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  • Tina - I am puzzled as to how you have reached the conclusions that you have about my lack of understanding or empathy - where have I said that I think the court is the right place for these disputes? You seem to be entirely misrepresenting what I have written.

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  • Nick - thank you for your comment can you provide any links to the material you are referring to?
    I am not suggesting that shared parenting leads to an increase in domestic violence - what I am saying is that I am concerned that any change in the legislation will be misunderstood and misinterpreted by those with an agenda to do so, such as those who commit domestic abuse

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  • Zoe, in my original post I quoted the CONCLUSIONS of the Australian government commissioned report by the AIFS.
    The conclusions were 'positive' and applications to Court had gone 'down' significantly.
    It's no good cherry picking bits from the body of the report to try to support your view and the FJR which misrepresented the AIFS CONCLUSIONS in the first place.
    The outcry from the public and the media against the Norgrove panel, judiciary and lawyers as a whole who support little or no change. Show that change to benefit children will only come via new legislation and a Presumption of Shared Parenting in an Act.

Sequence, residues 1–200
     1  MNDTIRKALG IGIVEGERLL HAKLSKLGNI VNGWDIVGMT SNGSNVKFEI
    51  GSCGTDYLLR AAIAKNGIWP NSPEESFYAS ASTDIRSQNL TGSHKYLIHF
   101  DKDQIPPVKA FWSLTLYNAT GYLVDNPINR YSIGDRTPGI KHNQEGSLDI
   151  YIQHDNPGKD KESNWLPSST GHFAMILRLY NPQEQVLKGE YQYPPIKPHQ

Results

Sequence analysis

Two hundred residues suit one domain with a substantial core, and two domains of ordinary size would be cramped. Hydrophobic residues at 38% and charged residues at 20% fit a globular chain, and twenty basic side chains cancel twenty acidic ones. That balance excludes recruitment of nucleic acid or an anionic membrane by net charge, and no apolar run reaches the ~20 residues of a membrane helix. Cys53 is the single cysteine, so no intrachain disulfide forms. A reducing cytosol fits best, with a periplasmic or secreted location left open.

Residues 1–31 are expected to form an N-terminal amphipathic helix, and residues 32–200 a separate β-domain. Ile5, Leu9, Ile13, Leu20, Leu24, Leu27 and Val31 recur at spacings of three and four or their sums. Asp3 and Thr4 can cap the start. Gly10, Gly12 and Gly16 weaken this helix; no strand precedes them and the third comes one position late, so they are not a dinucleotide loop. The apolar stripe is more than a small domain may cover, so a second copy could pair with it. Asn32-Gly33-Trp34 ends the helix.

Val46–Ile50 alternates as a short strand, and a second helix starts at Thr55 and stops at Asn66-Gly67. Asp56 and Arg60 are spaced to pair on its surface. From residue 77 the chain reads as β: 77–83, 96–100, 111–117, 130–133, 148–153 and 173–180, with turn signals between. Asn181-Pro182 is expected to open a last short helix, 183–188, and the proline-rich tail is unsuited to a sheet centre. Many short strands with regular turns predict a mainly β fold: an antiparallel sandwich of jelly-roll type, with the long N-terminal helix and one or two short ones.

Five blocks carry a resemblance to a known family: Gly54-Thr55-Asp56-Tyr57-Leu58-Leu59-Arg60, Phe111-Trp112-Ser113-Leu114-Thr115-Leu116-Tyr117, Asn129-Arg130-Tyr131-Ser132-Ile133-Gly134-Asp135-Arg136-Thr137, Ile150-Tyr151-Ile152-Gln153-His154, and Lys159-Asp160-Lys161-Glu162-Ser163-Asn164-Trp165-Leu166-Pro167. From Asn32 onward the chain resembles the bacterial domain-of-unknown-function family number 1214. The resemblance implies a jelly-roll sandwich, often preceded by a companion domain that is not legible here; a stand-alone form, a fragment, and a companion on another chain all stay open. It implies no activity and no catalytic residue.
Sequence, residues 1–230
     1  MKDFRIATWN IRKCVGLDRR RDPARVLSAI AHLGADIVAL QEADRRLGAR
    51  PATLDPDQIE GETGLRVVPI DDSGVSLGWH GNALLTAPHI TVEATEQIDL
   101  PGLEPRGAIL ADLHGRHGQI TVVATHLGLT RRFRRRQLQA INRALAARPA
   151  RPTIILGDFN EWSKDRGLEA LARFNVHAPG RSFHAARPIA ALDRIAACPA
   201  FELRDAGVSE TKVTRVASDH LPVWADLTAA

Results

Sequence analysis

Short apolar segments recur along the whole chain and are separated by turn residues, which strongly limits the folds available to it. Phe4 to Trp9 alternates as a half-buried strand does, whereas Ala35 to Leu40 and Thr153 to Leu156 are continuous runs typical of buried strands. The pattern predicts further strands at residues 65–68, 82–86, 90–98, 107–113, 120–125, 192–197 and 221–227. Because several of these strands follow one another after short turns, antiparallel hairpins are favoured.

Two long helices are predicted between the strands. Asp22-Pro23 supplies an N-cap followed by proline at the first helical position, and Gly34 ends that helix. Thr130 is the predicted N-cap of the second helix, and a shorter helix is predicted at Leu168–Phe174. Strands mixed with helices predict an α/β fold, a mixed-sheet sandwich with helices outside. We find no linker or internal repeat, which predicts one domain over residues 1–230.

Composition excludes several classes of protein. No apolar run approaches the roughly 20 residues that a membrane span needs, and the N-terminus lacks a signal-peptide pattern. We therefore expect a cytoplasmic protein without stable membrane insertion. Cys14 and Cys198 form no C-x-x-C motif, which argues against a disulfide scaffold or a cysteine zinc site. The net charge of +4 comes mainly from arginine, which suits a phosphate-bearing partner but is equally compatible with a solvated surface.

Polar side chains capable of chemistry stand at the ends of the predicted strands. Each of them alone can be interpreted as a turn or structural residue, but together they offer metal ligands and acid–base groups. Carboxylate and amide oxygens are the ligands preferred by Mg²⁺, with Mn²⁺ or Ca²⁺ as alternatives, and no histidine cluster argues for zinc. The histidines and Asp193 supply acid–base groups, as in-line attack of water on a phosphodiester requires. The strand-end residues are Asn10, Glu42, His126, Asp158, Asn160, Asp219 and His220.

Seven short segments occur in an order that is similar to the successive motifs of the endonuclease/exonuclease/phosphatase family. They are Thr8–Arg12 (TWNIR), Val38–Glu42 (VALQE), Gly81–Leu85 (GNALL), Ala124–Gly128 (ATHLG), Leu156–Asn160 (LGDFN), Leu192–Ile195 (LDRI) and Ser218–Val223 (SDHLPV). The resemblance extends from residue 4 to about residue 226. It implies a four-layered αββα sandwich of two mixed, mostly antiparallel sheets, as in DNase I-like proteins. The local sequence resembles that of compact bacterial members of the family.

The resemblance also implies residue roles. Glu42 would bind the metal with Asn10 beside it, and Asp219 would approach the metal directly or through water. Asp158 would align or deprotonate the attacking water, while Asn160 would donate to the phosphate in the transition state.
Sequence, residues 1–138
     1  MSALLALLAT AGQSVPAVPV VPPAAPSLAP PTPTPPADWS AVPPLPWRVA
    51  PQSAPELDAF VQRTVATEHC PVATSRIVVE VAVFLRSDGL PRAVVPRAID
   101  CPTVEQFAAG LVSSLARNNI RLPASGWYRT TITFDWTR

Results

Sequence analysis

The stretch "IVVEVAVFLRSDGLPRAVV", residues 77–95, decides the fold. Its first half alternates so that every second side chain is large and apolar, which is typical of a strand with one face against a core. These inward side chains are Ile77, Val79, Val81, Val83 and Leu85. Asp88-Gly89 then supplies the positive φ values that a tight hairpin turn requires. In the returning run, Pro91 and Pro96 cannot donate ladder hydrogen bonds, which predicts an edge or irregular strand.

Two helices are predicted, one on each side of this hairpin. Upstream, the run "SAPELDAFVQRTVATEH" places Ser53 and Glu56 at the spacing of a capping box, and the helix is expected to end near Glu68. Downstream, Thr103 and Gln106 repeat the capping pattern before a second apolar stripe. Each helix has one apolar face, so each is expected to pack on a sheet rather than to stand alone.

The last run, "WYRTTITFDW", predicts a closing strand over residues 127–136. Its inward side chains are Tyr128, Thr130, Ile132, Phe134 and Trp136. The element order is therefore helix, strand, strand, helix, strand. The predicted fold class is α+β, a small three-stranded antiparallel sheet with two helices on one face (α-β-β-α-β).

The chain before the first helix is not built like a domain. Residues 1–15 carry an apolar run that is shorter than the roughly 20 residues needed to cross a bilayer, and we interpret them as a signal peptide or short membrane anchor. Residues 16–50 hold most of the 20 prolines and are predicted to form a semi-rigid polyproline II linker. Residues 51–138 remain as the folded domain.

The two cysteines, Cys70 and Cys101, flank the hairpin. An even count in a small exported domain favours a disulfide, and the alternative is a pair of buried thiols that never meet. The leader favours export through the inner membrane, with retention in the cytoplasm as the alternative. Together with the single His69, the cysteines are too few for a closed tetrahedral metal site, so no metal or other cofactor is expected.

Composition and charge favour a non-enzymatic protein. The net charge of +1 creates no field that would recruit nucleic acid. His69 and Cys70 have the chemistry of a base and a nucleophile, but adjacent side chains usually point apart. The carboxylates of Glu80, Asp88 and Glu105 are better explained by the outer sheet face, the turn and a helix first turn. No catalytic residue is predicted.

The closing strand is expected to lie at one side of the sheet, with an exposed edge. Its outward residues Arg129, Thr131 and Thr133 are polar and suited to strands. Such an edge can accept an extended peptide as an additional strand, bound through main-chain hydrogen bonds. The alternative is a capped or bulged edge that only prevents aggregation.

In your comments now you downplay your articles reliance on scaremongering about DV - Good to see you have adjusted your position.

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  • Zoe, you say - " I am concerned that any change in the legislation will be misunderstood and misinterpreted by those with an agenda to do so, such as those who commit domestic abuse".
    This has got nothing to do with Shared Parenting laws and it simply an argument that preys on the fear factor.
    Persons who commit domestic abuse (men or women) misunderstand and misinterpret loads of things deliberately or because they cannot help themselves having a Shared Parenting Bill go forward makes no difference whatsoever.

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  • Anonymous 1 - I cannot speak for the FJR and don't pretend to, but you must accept that in the AIFS report concerns were specifically expressed about the change in legislation in relation to the statement on shared parenting? Those concerns were noted by the FJR along with other research hence the decision not to support such a statement being included in our legislation.
    I do not accept that I was 'scaremongering' about DV - what I am trying to explain is that a change in the law runs a significant risk of being misunderstood no matter how it is worded, the DV example is just an example of that.